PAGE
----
It is already the hot, latter half of the Berlin Summer – the part where you weigh the joy of bathing in the lake against the crowds; the part where your houseplants will dry out if they’re forgotten. I came back from New York in March with only half of a plan, and have since been working on hobbies, side projects, and language skills, all without a lot of consistency.
I have, with consistency, been walking along the Landwehr Canal. My apartment is on the kind of street which is only a thoroughfare and never a destination – it’s taxi associations, a massage parlour, a drink store. But cross the intersection – the traffic lights have been under repair for more than a year now – and walk across that oddly triangular park which sometimes has squirrels, and you’ll arrive at the Landwehr Canal.
It’s a nice place. You wouldn’t want to swim there, but row an inflatable boat down it, with friends, a bottle of wine and a ukulele? Definitely.
I’ve been walking along the shores of this canal since I moved into this apartment, 4 years ago. But somehow, this is the first time where I’ve had the space and capacity to really observe it.
Things change over the course of the seasons. The colors – everything in spring starts a vivid green, then as summer comes, the green turns deeper, and then all the horse-chestnuts bloom in huge pink / white clusters, like upside-down bunches of grapes, then all the petals fall off into the canal. As the summer progresses, the maples start seeding, and you get this glorious citrus-colored fringing around the base of their canopies. By now – late-summer – the oaks have grown their acorns to about three quarters of the size they will be when they fall. You can tell what day of the year it is from the trees on the canal, if you’re paying enough attention.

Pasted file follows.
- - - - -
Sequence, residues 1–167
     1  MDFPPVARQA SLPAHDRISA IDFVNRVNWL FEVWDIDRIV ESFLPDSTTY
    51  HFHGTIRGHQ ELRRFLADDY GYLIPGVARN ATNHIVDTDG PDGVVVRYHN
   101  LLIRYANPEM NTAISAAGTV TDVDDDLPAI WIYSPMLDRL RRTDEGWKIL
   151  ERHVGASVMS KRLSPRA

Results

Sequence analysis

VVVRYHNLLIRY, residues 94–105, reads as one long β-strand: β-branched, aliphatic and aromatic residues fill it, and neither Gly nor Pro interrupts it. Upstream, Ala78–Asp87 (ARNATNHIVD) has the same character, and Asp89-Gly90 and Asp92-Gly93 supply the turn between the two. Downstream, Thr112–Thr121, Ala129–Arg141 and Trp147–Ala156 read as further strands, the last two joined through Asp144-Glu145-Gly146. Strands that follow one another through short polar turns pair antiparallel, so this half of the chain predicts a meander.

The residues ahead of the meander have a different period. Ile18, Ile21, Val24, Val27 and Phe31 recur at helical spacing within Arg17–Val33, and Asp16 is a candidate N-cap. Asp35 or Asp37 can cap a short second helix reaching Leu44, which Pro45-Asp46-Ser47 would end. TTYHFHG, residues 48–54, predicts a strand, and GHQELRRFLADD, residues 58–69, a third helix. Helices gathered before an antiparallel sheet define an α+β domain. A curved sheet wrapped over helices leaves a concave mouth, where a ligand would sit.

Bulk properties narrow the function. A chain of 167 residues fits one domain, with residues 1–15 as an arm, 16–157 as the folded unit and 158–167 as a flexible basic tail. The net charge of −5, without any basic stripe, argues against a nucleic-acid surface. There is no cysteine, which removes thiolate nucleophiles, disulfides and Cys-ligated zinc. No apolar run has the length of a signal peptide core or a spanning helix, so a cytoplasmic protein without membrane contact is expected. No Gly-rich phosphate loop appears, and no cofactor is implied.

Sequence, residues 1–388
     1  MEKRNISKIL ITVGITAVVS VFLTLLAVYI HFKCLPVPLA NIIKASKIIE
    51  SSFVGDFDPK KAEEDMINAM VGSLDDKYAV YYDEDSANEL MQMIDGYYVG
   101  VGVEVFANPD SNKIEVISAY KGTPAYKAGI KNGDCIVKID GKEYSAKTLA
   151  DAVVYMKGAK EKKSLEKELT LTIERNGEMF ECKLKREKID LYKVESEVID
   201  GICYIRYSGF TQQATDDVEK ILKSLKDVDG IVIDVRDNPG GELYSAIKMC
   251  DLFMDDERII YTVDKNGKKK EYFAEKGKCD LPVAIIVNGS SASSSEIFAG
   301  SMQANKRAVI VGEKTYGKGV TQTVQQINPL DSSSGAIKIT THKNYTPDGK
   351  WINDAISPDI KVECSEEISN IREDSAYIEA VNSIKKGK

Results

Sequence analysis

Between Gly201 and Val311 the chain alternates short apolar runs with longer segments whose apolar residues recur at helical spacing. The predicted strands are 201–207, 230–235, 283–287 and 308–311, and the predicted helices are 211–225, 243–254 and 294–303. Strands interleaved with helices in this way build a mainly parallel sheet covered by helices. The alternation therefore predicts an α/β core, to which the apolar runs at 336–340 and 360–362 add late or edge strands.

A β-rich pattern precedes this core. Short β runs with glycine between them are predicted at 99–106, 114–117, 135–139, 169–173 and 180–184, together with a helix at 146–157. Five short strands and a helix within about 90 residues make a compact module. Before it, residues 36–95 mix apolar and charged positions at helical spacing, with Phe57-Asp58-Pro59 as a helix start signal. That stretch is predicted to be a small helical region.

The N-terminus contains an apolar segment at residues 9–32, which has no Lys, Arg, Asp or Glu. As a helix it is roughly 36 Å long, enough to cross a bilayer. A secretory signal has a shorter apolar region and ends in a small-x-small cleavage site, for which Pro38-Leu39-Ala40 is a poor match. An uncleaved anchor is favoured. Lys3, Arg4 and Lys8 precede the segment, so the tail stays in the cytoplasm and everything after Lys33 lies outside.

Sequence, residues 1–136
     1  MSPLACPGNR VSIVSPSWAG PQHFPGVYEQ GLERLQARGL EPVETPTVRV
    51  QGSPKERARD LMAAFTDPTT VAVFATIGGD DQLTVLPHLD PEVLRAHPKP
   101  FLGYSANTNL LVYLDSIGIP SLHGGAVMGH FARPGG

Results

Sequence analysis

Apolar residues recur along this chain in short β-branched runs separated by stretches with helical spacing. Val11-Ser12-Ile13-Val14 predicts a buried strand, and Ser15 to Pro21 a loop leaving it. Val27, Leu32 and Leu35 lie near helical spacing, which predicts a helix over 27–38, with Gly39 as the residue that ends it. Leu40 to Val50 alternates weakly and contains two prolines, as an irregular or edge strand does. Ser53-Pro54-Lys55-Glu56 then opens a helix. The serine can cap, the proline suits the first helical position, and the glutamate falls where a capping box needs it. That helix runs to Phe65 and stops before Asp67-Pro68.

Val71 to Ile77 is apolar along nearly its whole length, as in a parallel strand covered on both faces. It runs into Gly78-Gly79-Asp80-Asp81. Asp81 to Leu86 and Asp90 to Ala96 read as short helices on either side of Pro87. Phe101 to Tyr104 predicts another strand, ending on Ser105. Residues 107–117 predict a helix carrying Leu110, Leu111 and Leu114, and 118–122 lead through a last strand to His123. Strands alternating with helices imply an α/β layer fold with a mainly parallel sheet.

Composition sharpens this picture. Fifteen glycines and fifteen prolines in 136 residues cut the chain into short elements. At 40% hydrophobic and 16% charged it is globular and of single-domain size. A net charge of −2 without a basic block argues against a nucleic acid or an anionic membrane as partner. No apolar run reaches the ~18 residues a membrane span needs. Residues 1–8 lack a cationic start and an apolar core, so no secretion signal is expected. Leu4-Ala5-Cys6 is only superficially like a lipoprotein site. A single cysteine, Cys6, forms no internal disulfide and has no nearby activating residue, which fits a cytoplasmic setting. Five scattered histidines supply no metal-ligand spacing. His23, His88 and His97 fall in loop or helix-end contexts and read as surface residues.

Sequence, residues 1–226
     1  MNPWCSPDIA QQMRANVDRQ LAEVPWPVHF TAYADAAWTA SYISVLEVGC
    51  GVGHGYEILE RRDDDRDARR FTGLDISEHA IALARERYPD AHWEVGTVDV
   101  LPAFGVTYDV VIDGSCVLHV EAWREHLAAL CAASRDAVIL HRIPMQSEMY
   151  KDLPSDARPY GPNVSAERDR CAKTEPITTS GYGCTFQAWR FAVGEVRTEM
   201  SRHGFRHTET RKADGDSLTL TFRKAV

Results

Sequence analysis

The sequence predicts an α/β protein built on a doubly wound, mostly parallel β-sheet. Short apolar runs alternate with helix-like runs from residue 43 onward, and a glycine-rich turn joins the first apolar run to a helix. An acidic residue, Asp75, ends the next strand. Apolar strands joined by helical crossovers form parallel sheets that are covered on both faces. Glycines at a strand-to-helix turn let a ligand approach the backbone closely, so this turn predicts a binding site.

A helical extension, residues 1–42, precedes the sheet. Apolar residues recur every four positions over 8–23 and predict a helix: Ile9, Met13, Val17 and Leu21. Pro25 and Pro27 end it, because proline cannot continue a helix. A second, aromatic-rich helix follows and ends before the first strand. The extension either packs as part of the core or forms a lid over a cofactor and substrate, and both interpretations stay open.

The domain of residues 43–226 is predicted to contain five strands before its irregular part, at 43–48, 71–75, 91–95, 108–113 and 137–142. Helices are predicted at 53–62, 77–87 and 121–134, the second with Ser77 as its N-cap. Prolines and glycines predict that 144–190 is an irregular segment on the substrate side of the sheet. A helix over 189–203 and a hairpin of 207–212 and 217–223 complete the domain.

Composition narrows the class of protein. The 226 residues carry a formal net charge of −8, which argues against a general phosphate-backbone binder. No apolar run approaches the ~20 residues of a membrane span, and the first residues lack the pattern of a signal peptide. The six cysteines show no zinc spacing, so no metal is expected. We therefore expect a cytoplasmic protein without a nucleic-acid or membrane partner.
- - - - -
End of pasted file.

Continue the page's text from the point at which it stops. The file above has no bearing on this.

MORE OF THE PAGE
This isn’t really a story about the seasons, though. It’s a story about the Willows.
Spring 2020 found me walking frequently along the canal, courtesy of lockdown, partial employment, and the location of my favourite bakery. And sitting on the banks on the way back, watching, eating Zimtschnecken. One day, I noticed that the leaves on the willow on the bank opposite hung almost all the way to the water and then abruptly stopped:
But it wasn’t (isn’t!) just that one willow. It’s also this one:
And once you’ve seen it twice, you see it everywhere:
By this point, it’s clear that it’s not a coincidence. How do they know to stop growing before they get to water?
- Can they sense the moisture in the air as they draw close?
- Is it a timing thing? Do all the branches grow at exactly the same speed somehow, and I’m observing them at exactly the right time?
- Does someone come along in a boat periodically and trim them, for tree health or to prevent them from polluting the river?
Google knows nothing.
I put the question to my friends. Eventually, Nana says
“it’s the swans”.
And it’s suddenly clear, though I have to admit my surprise that swans don’t subsist on a diet of bread and stolen picnic items. The willows all hang to exactly the height of the tallest swan.
Mysteries are rarely more mundane than this. But they are also rarely more joyful; I’ve become privy to a deep secret through aimless, but continuous, attention. There is something sacred in the everyday.